Providentially, I found myself just a few days later standing in the chapel at my alma mater where I was scheduled to speak. So I climbed up to that old balcony where, decades before, I’d spent hundreds of hours pacing back and forth just seeking the Lord. It was during those sacred prayer times that my heart first broke for the things that break God’s heart and He began to shape my soul with His passions. It was there that He began replacing my ideas with His, giving me a God-sized vision for my life and His Kingdom.

I began to pace and pray as I’d done in my early years—and realized that in many ways, I’d basically become a professional Christian. My heart didn’t beat as strongly as it once had. My pulse didn’t quicken in God’s presence as it used to. But something monumental was happening: the Lord was taking me back to a primal place. He lovingly reminded me that the college kid with a huge heart for Him was still there, somewhere inside me. I realized that, if I wanted to get back what I once had, I’d have to return to ground zero: the foot of the cross. I’d need to do the things I’d first done, like practicing spiritual disciplines. And above all, I’d have to commit to rediscovering what Jesus said matters most: loving Him with all my heart, soul, mind, and strength (Mark 12:30).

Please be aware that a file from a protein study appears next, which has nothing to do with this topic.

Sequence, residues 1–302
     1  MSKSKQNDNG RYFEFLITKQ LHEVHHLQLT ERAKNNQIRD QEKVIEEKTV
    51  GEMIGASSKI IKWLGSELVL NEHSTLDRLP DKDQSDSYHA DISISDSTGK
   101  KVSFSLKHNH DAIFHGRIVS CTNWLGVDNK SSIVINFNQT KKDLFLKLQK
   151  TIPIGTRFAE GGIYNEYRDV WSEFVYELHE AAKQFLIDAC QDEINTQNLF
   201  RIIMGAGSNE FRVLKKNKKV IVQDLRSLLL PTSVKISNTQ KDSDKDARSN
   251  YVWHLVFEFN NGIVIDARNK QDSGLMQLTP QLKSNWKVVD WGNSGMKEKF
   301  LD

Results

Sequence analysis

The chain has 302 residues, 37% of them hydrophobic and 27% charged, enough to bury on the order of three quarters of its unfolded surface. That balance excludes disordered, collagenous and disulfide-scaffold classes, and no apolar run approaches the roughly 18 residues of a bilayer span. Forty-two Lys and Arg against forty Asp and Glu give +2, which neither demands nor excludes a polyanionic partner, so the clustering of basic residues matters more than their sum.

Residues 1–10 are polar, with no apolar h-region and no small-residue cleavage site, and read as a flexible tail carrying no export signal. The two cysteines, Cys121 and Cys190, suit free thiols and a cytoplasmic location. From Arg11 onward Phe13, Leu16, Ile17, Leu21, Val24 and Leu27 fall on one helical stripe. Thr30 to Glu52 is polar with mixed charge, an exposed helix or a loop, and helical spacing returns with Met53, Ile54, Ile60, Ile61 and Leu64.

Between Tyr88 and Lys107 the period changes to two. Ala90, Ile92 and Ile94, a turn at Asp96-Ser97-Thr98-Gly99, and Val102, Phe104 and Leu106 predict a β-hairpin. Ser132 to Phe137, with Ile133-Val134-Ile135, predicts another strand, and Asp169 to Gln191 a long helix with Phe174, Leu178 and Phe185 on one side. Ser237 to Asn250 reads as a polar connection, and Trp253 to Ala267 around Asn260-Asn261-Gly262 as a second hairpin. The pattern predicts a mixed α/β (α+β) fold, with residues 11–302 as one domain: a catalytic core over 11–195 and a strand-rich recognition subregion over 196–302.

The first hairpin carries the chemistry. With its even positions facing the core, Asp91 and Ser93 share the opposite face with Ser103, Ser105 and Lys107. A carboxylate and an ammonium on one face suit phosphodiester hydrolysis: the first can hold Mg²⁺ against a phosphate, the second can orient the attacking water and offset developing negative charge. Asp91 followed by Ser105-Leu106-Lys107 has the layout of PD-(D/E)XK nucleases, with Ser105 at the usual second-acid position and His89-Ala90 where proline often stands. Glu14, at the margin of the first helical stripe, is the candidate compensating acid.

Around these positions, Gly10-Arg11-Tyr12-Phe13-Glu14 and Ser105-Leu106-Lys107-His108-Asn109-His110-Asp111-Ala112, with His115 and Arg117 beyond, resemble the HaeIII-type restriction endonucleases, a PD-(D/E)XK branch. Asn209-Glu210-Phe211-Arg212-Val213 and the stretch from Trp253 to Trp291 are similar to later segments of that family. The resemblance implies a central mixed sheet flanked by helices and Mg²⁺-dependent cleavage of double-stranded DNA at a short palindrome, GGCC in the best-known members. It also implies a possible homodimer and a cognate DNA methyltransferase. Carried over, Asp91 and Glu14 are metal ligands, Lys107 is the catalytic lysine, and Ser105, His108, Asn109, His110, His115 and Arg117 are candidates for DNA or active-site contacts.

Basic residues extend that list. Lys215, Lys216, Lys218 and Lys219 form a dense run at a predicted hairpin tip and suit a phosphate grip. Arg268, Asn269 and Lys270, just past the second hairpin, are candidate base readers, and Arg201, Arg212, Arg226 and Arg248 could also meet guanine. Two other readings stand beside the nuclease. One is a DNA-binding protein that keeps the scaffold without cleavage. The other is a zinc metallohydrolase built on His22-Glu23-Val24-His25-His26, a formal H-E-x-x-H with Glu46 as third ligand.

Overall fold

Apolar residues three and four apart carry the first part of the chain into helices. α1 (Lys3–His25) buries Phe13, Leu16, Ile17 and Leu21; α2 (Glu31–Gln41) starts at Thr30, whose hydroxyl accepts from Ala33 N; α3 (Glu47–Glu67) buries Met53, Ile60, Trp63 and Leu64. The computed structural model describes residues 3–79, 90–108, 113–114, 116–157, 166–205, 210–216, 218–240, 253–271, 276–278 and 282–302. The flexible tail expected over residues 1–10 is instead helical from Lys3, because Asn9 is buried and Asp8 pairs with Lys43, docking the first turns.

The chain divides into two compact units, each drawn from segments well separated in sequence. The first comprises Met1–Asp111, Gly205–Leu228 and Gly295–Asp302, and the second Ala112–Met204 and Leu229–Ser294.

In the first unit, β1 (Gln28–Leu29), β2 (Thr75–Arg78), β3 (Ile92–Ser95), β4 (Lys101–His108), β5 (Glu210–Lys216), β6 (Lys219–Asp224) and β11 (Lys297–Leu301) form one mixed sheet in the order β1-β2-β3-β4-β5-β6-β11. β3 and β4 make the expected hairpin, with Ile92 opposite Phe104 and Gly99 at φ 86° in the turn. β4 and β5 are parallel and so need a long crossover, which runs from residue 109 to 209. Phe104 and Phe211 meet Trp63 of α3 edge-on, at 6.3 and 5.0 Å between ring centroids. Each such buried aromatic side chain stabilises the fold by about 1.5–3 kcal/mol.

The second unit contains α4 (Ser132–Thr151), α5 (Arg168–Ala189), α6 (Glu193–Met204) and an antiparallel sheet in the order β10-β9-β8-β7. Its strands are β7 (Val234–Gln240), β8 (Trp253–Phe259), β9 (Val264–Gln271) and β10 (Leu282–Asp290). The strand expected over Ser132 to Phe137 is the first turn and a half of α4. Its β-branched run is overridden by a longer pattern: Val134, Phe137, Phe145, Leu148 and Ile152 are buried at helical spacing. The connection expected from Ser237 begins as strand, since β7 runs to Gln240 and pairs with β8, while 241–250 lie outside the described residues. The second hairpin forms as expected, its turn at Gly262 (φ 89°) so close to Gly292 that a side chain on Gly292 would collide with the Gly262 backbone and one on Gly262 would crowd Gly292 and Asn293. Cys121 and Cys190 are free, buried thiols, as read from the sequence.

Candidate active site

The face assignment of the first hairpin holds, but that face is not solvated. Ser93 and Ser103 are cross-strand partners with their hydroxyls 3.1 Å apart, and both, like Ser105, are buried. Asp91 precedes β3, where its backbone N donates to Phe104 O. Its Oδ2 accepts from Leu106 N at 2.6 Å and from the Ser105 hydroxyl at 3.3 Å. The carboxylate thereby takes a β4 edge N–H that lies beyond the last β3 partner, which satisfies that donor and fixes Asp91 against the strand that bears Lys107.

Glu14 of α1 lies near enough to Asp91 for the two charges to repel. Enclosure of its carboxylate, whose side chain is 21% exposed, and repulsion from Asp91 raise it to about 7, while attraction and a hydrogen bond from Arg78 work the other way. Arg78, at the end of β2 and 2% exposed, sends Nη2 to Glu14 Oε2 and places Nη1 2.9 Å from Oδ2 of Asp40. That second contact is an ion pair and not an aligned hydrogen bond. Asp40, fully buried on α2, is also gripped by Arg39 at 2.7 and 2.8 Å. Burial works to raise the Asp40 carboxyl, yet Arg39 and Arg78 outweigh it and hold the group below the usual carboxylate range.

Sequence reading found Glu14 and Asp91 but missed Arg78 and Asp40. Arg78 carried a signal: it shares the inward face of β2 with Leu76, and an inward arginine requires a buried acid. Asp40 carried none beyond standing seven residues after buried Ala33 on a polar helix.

In Revelation 2:3-5, God commends the early church in Ephesus for their patient endurance and diligent work for Him. But He also levels a holy accusation: “Yet I hold this against you: You have forsaken your first love. Remember the height from which you have fallen! Repent and do the things you did at first” (NIV). It’s His call for the Ephesians to return to the basics. And if you’ve also lost some of your passion, His call to you is the same: Remember and repent. These two things are interconnected; remembering is part of repentance. Sometimes the way forward is backward.